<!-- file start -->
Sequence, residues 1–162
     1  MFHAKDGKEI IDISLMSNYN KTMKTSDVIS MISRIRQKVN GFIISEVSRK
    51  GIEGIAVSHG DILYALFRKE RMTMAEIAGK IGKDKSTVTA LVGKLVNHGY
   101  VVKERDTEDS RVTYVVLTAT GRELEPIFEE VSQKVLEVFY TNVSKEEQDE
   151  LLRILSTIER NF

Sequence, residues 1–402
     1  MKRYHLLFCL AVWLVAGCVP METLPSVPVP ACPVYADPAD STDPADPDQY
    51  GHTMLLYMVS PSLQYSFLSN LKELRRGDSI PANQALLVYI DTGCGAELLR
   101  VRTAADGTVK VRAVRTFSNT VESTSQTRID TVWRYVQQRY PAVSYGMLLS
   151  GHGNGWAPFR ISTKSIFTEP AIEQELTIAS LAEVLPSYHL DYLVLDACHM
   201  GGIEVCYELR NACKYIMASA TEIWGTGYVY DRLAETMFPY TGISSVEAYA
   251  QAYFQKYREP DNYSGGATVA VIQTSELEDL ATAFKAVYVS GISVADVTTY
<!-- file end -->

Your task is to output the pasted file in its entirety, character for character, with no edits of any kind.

Sequence, residues 1–162
     1  MFHAKDGKEI IDISLMSNYN KTMKTSDVIS MISRIRQKVN GFIISEVSRK
    51  GIEGIAVSHG DILYALFRKE RMTMAEIAGK IGKDKSTVTA LVGKLVNHGY
   101  VVKERDTEDS RVTYVVLTAT GRELEPIFEE VSQKVLEVFY TNVSKEEQDE
   151  LLRILSTIER NF

Sequence, residues 1–402
     1  MKRYHLLFCL AVWLVAGCVP METLPSVPVP ACPVYADPAD STDPADPDQY
    51  GHTMLLYMVS PSLQYSFLSN LKELRRGDSI PANQALLVYI DTGCGAELLR
   101  VRTAADGTVK VRAVRTFSNT VESTSQTRID TVWRYVQQRY PAVSYGMLLS
   151  GHGNGWAPFR ISTKSIFTEP AIEQELTIAS LAEVLPSYHL DYLVLDACHM
   201  GGIEVCYELR NACKYIMASA TEIWGTGYVY DRLAETMFPY TGISSVEAYA
   251  QAYFQKYREP DNYSGGATVA VIQTSELEDL ATAFKAVYVS GISVADVTTY